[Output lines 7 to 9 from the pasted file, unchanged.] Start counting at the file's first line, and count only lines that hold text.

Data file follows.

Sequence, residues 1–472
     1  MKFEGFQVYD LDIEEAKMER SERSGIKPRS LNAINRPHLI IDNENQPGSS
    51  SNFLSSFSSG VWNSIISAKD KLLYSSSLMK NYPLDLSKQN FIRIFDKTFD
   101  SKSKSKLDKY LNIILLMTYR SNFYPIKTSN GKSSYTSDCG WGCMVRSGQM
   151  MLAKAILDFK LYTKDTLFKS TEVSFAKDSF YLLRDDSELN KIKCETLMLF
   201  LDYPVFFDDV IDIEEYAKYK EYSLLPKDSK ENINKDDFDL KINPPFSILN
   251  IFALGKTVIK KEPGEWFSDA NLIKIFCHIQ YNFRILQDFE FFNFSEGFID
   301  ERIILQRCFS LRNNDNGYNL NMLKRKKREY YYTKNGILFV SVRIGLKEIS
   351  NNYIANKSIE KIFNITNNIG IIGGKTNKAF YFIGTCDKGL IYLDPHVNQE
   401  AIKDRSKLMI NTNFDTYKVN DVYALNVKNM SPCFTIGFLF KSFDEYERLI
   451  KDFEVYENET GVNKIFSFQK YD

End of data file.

   251  IFALGKTVIK KEPGEWFSDA NLIKIFCHIQ YNFRILQDFE FFNFSEGFID
   301  ERIILQRCFS LRNNDNGYNL NMLKRKKREY YYTKNGILFV SVRIGLKEIS
   351  NNYIANKSIE KIFNITNNIG IIGGKTNKAF YFIGTCDKGL IYLDPHVNQE